RALEIGH, N.C. — Both parties’ chances at a House majority are going to be shaped heavily by the redistricting process. It’s a point that political intelligentsia have driven home for months, and not without merit.
We’ve seen Democrats on the offensive in states like Oregon and New Mexico, where they’re trying to hinge their chances of a House majority on elaborate partisan gerrymanders amid the growingly unpopularity of the Biden administration. Republicans, as I’ve noted here before, have largely played defense instead of attempting to gain ground.
But there is one state whose Republican legislature has opted to go on the offensive: North Carolina.
Draft plans unveiled Wednesday show the legislature to be considering five possible congressional maps. Three of the five chip away at the Tar Heel State’s Democratic delegation significantly, with the maps giving the party, at best, a realistic chance at four out of 14 seats.
Republicans seem to have placed targets on the backs of two Democrats in particular — freshman Rep. Kathy Manning and longtime Rep. G.K. Butterfield.
In 2020, Manning was elected to the House seat formerly held by Republican Mark Walker, who opted to retire after the Wake County Superior Court ordered his district redrawn more favorably for Democrats. Legislators, as several prototype maps now show, are prepared to draw Manning into a district that could favor the GOP by a margin of up to 17 percent.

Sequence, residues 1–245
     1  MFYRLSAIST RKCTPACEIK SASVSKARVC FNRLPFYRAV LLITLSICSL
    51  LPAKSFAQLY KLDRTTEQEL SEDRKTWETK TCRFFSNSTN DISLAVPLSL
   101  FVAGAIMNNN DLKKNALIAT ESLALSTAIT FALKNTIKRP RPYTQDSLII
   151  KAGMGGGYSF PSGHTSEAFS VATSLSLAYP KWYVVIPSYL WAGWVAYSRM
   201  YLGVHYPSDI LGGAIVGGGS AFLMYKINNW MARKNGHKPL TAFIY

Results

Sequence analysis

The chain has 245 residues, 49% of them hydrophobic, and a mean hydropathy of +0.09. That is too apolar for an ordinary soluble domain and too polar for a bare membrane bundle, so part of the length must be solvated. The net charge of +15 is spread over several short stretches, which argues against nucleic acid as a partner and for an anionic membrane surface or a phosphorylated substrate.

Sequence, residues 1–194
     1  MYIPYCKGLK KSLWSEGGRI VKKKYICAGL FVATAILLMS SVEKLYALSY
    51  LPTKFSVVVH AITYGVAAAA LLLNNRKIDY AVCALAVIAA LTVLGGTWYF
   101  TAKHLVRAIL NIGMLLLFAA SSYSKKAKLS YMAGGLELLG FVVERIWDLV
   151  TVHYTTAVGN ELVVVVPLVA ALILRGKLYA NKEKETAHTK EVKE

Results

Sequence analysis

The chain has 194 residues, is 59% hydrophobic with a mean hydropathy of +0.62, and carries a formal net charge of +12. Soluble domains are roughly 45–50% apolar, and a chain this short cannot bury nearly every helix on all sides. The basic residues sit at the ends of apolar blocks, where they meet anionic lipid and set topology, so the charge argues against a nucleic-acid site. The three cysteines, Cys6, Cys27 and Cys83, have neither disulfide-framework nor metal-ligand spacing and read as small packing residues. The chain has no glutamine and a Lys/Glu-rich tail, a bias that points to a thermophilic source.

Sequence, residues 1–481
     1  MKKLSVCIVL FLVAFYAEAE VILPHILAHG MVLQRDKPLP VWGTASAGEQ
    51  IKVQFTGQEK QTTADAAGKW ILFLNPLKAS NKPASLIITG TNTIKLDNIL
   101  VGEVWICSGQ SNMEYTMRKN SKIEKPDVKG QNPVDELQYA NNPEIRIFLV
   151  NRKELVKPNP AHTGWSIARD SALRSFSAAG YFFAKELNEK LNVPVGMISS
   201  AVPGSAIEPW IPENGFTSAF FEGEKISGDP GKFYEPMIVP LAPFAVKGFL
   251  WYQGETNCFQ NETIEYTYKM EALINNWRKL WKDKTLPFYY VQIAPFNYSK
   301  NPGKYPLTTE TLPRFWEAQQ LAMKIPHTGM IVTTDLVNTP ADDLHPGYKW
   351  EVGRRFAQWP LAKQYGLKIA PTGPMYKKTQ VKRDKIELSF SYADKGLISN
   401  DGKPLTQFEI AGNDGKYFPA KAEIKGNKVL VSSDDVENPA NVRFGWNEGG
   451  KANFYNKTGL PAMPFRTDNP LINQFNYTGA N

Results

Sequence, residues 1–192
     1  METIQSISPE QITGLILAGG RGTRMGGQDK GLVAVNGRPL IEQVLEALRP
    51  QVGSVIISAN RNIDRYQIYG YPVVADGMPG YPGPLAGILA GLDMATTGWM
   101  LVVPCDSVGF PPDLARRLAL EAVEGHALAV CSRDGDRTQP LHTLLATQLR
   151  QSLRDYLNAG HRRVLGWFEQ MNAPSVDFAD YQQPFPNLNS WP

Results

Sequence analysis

Butterfield, meanwhile, is an interesting case — he represents a plurality-Black district in the northeastern corner of the state that has trended red over the course of the past few election cycles. In 2020, he won reelection against Republican Sandy Smith by a margin of 8.4% — a far cry from the nigh-70% landslides he’s been accustomed to. Republicans seem poised to draw him out completely, with all proposed maps placing him in districts that range from leaning slightly Democratic to being effective Republican handovers.
One map put forth by the legislature, code-named “Proposal CMT-9,” goes even farther, attempting a possible 12-2 washout for the GOP by splitting Mecklenburg County into quarters and placing Rep. Alma Adams into a district that only favors Democrats by a three-point margin.
All of the legislature’s proposed maps thus far guarantee two Democrat vote sinks: The Durham/Chapel Hill-centric seat being vacated by Rep. David Price, and freshman Rep. Deborah Ross’ district, which will likely be redrawn to pack in as many Democratic votes from suburban Raleigh as possible.
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